It's possible that there is not a single player on the Orioles roster than better exemplifies the team's woes in 2015 than trade deadline acquisition Gerardo Parra. Simply put: things just did not go well for either party in August.
When Parra made the switch from Milwaukee to Baltimore, it was assumed that there would be some significant drop off in performance. Not only was he going from the National League to the American League, but he was also fresh off of playing the best 100 games of his career to that point.
A half-season to forget
The outfielder came to the O's sporting a slash line of .328/.369/.517 earlier this season. Had he maintained those numbers, they each would have been career highs. Not to mention, he had walked 20 times to go with 57 strikeouts. And his 24 doubles, five triples and nine home runs contributed to career high OPS+ of 138. He was having a "career year".
With Baltimore, virtually every number has taken a nose dive. In the orange and black he is only slashing .241/.280/.420 with five doubles, five home runs and 10 RBI over 26 games. His isolated power has dropped from .189 as a Brewer to .171 as an Oriole. But the most significant change is his batting average on balls in play. Before the trade he was getting pretty fortunate with a ridiculous .372 BABIP. It has been .247 in Birdland.
If you are a frequent Camden Chat reader, you will know that Ryan Pollack went into more depth with all of these numbers at the beginning of August. Surprisingly, Parra has done little to improve upon the .235/.299/.378 slash line that Orioles left fielders boasted prior to the trade.
As unsustainable as his .372 BABIP was in the NL, as too is his .247 BABIP in the AL. Parra is hitting the ball hard enough to have better numbers than that. It just wasn't the best month to be an Oriole, I suppose.
Will he return in 2016?
While Parra has not had quite the impact that the Orioles had hoped, he could still be one of the better outfield options on the free agent market this winter, provided he finds a happy medium between Brewer Parra and Oriole Parra. But you may have heard, the Orioles have just a few other players with expiring contracts too.
Since Parra isn't as flashy of a name, he likely won't command the dollars that the likes of Matt Wieters or Chris Davis will. CC's own Chris Booze projects a three-year, $30 million deal for the left-handed hitting Parra. That sounds about right. It is a number the Orioles can afford, but it's possible that another team swoops in with a fourth year and nabs him.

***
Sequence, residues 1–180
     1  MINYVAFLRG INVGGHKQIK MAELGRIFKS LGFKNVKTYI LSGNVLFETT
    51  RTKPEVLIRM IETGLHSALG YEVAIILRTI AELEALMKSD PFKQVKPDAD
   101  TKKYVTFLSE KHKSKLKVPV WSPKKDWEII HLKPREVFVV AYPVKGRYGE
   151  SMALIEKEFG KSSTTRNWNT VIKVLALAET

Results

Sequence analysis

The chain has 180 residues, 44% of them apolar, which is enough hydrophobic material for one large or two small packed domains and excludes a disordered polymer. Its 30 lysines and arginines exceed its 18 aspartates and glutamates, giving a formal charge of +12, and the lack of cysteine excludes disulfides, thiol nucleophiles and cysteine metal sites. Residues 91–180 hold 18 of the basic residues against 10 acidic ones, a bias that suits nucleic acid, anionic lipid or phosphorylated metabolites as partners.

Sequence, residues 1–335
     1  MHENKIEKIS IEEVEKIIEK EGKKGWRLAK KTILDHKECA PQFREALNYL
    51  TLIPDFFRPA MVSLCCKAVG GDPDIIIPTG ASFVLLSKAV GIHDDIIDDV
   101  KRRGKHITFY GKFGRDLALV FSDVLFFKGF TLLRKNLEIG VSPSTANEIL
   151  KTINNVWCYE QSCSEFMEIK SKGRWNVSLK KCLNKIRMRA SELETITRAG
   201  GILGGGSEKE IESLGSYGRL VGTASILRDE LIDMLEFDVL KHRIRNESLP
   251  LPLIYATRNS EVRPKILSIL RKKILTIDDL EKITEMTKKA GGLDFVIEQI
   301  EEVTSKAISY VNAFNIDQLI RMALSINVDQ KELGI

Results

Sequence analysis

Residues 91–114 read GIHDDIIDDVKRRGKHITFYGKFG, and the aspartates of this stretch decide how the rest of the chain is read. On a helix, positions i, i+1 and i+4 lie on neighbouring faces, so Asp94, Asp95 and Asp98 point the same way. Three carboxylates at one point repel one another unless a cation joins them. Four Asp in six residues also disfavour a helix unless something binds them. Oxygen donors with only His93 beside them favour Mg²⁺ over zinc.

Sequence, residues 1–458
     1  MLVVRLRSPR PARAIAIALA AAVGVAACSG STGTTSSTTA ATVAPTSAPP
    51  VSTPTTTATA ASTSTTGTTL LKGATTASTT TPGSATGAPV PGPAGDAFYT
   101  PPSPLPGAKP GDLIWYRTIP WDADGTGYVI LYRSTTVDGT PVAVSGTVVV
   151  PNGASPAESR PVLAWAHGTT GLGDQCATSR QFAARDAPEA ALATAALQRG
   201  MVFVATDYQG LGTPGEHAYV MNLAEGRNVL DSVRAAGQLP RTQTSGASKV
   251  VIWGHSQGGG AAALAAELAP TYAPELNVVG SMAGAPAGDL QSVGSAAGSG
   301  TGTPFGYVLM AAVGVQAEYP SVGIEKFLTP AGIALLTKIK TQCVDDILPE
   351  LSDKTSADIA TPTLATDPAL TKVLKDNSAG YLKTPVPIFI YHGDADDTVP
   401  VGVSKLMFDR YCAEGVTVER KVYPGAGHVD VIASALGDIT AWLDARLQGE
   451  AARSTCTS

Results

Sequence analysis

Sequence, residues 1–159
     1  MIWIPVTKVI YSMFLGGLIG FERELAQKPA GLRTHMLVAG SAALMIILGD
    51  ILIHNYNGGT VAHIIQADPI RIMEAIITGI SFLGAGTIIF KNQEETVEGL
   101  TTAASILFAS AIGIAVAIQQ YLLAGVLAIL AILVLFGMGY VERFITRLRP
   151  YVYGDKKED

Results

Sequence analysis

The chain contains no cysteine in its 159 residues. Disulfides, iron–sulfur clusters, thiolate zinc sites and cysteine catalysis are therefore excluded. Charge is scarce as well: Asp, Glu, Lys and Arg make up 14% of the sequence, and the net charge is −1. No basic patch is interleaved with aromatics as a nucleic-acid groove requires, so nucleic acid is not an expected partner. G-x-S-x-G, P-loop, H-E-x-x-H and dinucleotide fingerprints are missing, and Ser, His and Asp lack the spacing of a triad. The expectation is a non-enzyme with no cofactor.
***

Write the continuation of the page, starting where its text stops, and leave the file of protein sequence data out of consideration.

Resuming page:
The outfield free agent class boasts quite a few heavy hitters. Chief among them are Jason Heyward, Justin Upton and Yoenis Cespedes. To me, the Orioles can't afford any one of those guys. Well, they can afford them, they just won't be willing to do so.
After them is a big glut of guys (FULL LIST HERE) that all have some sort of flaw but could definitely help the O's problems in the outfield. Some of the bigger names are Dexter Fowler, Ben Zobrist, Denard Span and Austin Jackson.
Obviously, things haven't gone perfectly for Parra during his time in an Orioles uniform. He has fallen well short of his output as a Brewer and has done little to stop the slide, nay, tumble the Birds have taken down the standings in the last two weeks.
Because of his proven track record as a solid major league player, Parra will command a somewhat decent contract this winter. Given his lack of production in Baltimore, will the O's front office be willing to give it to him? Sure, there are plenty of other outfield options in the free agent market, but it won't be cheap to get their signatures either.
It may be wise to take the "watch and see" approach to the situation. Keep a dialogue going with Parra and his people. Meanwhile, survey the outfield free agents and keep tabs on the guys of real value. Heyward would look great in black and orange, but it is unlikely to become a reality.
Personally, Zobrist and Fowler are the most interesting names. The Zorilla can play all over the field and could serve as both a back up infielder and outfielder if the roster is stretched thin throughout the season. Fowler may very likely cost more than Parra does, but with good reason as he provides more pop.
What do you think, Camden Chat? Evaluate Parra's performance and compare it to other pending free agent outfielders. Does it stand up to the competition? Should the O's try to re-sign him or look elsewhere for help? Let me know in the comments down below or on Twitter @ _TyYoung